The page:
Genealogists discover Massachusetts strangers are rightful heirs to $1.5 million estate in Ireland
Heirs of Mary Broderick receive stake of her estate, and new knowledge of nearby cousins
When the hunt began for the late Mary Broderick’s nearest relatives, no one imagined that genealogists would find clusters of cousins, who never knew each other, living within miles of each other in Massachusetts.
Boston.com reports on the amazing story that saw the heirs of Mary Broderick claim their rightful stake of her $1.5 million estate she left behind with no will in Galway.
Patricia Fontaine, of West Roxbury, MA was doubly stunned by the news of her unknown cousins and of the inheritance they’d be receiving.
“When we came to find out that I actually have cousins who live in Newton and I live in West Roxbury — I thought it was amazing, the whole thing,” she said in a recent interview.
“The money is one thing, but to trace our family tree, to find out who was here, it was amazing.”
The meeting of the cousins who were otherwise strangers was filmed by an Irish documentary program ‘Dead Money,’ which debuted on RTE last year. The series, which was nominated for an IFTA, follows genealogist brothers Kit and Steven Smyrl in their search for heirs to unclaimed estates in Ireland.
In their search for Mary Broderick’s rightful heirs, they looked to Michael Brophy, a genealogist who specializes in Irish-American ancestry and is based in Massachusetts. Brophy began his own Brophy Professional Genealogy and Heir Tracing in 2004, not soon before getting laid off from his job as a medical salesman.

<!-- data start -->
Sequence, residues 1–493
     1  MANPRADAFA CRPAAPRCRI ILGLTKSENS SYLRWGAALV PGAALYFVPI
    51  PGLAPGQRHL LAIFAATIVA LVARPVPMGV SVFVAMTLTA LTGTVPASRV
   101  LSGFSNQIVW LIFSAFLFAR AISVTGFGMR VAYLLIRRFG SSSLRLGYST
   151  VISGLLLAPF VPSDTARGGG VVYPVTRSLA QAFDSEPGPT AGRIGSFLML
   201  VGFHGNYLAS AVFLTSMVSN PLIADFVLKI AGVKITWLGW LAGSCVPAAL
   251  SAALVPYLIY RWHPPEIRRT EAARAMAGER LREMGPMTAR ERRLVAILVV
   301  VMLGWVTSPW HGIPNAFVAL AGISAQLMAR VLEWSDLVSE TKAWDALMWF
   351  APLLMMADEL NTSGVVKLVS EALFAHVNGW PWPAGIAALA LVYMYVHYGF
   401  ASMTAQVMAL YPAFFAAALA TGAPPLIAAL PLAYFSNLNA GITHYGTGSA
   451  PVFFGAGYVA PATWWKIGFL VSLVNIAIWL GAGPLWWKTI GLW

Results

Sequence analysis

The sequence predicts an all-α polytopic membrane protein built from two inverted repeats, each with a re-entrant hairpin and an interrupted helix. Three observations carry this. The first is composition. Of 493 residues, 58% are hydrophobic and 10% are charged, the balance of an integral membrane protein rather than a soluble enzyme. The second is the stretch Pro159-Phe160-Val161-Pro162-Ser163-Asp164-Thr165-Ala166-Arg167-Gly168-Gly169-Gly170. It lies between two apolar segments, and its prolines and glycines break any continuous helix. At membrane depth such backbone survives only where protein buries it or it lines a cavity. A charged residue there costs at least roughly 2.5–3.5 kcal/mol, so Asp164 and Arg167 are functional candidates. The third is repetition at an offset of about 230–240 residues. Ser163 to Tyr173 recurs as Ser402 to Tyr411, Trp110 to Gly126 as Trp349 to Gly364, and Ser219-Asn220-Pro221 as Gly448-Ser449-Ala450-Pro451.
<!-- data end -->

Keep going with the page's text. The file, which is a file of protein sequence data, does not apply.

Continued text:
Mary Broderick, born Mary Shaughnessy, married late in life and had no children or siblings. She moved to her husband’s farm in Galway, where she lived well after her husband’s death.
In 2008, at 78, Broderick died, leaving no will for her estate valued at $1.5 million. Under Irish law, her estate would be inherited by the closest living relatives. In this case, Broderick’s estate would go to her first cousins or their children.
Tracing Broderick’s heirs on her mother’s side was easy, but on the father’s side, not so much. Broderick’s paternal grandparents had 10 children, but in post-famine, late 19th-century Ireland, most of the them had to emigrate to find work.
Six of the Shaughnessy children (who would be Broderick’s aunts and uncles) left Galway for Massachusetts, many of them finding work in an iron foundry in Waltham. William Shaughnessy, Broderick’s father, stayed in Galway, along with three other siblings.
Only three of the Shaughnessy siblings still had living descendants and were entitled to receive a stake of the inheritance - Henry and Edward Shaughnessy and Elizabeth Minihan. They were the three among the six siblings who had emigrated to the US.
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